2013 Youth Garden Grant Winner: British School of Washington, Washington, D.C.

Hungry deer, securing funding, and finding volunteers were just a few of the challenges facing the students and teachers at the British School of Washington (BSW) in Washington, D.C.

Keeping the Harvest: Traditional Native American Food Preservation

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Common Native American Fruits & Vegetables:







Wild plums


Wild raspberry

Wild strawberry

Wild currant

Wild rice


Prairie turnip (tinpsila)

Wild potato (sweet potato relative)


Some Native American tribes dried, collected and stored sunflower seeds in ceramic urns that were sometimes buried.

Easy Apple Recipes: From "Pizza" Snacks to Stellar Sauce

Fresh apples are most plentiful in fall, making it a great time to cook up a few classic apple favorites, like homemade applesauce and baked apples. Fresh apple snacks are also a welcome treat. These recipes are delicious, low fat and very easy to make.

Garden Time

How can you tell time in the garden without using a watch? Check and see what’s blooming!

Flowers have amazing adaptations to attract pollinators. Their scent, colors, and shapes have evolved to draw these vital critters towards them, since in the process of collecting nectar, they also move pollen from flower to flower to ensure seed production and distribution.

Mother’s Day Seed Balls

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Seed balls were used in ancient times but rediscovered in the 1900’s as a way to introduce vegetation on a large scale to uncultivated land such as areas devastated by fire or floods. They are also being used as part of the Guerilla Gardening movement as a way to beautify vacant lots and urban common areas.

The clay keeps the seeds from blowing or washing away, and protects them from hungry critters. It also keeps the seeds from sprouting until adequate water is available. The compost or potting soil adds a bit of nutrients to help give them a jump start.

Download instructions for making Seed Balls.

Finding a special, inexpensive gift for students to create for Mother’s Day is a challenge faced by many educators each year. Both gardening and non-gardening teachers frequently turn to plants for inspiration with popular projects like marigolds planted in small cups and paper flowers. This year, we have a way to move beyond the more traditional ideas by making trendy seed balls!

Cylinder Gardening

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Download the Cylinder Gardening Lesson for more details.

A big gardening program…in a little garden space. Cylinder Gardening uses bottomless cylinders (1/2 of a 5 gallon bucket) as small, individual gardens for growing vegetables. Perfect for schools with limited growing space and poor soil, cylinder gardens require little land and minimal pre-gardening preparation or experience. Once the cylinders are filled and planted, the only labor is minor maintenance, watering and harvesting. Recommended plant varieties mature from seed in 30 to 90 days to fit within one school semester.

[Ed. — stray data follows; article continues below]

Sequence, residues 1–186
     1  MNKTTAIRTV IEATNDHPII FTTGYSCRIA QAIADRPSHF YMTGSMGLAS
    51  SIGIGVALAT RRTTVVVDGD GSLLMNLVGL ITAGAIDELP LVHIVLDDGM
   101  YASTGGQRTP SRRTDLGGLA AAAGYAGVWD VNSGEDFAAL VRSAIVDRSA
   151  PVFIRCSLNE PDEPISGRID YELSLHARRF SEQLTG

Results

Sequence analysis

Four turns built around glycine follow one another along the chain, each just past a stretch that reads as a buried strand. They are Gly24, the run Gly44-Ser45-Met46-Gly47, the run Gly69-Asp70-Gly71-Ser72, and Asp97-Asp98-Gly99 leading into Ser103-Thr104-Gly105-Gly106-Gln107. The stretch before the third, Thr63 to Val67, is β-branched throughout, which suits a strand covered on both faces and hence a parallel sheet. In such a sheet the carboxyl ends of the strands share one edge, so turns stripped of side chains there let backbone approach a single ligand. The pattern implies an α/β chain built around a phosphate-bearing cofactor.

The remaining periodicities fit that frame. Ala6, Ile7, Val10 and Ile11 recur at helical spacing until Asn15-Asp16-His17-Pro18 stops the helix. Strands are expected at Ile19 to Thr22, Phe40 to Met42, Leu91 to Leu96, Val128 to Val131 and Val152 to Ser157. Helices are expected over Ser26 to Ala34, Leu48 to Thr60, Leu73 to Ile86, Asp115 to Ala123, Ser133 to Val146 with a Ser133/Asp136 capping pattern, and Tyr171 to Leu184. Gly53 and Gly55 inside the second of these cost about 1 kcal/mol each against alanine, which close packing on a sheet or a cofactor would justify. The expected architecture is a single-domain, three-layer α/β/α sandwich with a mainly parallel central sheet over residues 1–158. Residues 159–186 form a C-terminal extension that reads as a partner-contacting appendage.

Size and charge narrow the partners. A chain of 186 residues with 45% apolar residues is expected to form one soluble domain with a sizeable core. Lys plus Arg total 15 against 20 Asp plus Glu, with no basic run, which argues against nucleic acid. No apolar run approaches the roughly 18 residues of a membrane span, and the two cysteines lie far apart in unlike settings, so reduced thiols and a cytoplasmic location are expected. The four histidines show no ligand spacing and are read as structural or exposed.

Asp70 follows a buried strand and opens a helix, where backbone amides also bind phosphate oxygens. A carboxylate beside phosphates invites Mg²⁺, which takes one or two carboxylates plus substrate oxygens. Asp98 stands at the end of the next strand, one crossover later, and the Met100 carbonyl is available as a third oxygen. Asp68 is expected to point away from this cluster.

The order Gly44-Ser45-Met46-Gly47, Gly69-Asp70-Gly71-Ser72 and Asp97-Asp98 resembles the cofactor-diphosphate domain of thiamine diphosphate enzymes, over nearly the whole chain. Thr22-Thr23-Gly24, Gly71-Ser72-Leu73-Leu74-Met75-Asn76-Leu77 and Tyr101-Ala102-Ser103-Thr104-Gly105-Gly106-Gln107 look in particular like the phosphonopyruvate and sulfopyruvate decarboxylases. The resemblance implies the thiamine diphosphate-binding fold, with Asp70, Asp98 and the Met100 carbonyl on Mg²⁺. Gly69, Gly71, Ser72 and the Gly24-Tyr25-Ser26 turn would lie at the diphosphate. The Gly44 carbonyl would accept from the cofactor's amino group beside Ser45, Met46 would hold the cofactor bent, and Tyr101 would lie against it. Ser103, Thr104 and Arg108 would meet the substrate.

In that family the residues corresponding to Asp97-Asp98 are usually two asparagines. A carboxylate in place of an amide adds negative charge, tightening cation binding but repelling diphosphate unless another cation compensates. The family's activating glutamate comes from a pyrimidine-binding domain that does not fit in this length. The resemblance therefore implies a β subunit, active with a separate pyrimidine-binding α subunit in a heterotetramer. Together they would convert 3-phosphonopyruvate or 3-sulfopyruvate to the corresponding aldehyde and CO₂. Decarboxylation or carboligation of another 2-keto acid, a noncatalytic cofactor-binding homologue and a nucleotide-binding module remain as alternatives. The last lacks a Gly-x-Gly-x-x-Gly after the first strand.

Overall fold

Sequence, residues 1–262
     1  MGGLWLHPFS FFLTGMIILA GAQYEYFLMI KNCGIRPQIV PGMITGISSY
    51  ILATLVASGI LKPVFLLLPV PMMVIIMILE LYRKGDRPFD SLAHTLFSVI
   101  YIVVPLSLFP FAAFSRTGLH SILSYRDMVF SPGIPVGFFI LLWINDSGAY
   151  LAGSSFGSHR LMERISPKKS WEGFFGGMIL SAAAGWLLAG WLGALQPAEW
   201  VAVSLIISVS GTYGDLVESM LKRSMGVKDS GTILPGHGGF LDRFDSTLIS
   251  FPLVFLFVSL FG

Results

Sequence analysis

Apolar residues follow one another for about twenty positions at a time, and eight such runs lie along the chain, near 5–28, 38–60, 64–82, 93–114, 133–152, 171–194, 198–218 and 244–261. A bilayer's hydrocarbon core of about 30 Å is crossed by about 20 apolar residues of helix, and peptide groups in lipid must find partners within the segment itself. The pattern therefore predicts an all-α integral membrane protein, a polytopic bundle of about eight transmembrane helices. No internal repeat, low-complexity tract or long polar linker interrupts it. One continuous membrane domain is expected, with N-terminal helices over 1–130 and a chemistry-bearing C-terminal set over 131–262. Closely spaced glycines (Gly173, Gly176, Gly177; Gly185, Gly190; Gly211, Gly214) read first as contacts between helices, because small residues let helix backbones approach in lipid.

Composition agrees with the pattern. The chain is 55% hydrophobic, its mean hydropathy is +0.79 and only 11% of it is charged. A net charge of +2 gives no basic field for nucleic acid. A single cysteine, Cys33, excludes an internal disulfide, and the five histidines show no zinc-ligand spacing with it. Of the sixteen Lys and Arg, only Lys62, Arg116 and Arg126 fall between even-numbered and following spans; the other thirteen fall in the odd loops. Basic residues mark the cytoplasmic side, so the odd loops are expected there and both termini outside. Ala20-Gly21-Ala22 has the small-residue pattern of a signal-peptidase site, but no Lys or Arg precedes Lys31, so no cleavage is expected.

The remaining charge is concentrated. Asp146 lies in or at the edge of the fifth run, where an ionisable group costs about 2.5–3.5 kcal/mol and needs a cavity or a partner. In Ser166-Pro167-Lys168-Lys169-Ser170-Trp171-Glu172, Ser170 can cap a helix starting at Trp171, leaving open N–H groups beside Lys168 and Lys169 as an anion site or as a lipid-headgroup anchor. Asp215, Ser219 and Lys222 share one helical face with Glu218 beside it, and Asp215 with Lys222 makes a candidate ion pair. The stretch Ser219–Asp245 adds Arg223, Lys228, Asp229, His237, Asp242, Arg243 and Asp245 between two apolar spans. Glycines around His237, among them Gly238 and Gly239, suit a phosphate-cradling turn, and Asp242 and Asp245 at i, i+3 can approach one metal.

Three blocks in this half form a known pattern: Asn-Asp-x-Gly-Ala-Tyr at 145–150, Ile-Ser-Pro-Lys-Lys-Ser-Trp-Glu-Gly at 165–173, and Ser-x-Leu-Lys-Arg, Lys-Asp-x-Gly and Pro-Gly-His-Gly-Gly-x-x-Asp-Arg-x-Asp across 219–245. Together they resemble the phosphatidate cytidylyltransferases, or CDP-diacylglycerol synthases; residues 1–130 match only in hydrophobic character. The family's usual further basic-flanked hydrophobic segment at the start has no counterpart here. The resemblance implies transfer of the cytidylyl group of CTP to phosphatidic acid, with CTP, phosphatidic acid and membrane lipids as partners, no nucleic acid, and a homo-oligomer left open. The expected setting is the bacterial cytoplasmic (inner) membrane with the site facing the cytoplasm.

Blooming Gifts

Blooming plants make wonderful gifts for special occasions. They add to the festive atmosphere of any event and when the blooms begin to fade, they can be enjoyed for their foliage or composted.

Amaryllis for the Holidays

Potted amaryllis bulbs make wonderful holiday gifts for family and friends. Planting them and then watching them grow also makes for a fun activity to do with your children. Their beautiful blooms add to holiday décor and last longer than cut flowers. They are fairly inexpensive (although you may find some of the more unique varieties are offered at a premium price) and the only supplies you need are bulbs, soil and pots.

Please Pass the Pumpkin Seeds

It’s pumpkin time again! Although it is the eye catching, orange fruit of the pumpkin plant that receives the honor of being the hallowed symbol of season, the seeds deserve some glory too. Think twice before you toss those pumpkin guts this year. Pumpkin seeds are tasty little packages full of vitamins and minerals offering numerous health benefits.

Preservation Techniques

Freezing Sweet Corn
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For more information about preservation techniques and recipes visit these recommended websites:

September is a critical month for harvesting fruits and vegetables—at the peak of their taste and ripeness. One of the most important decisions is how quickly do you want to eat your produce? Many gardeners choose to eat in season, while others choose to preserve some of it for winter months.

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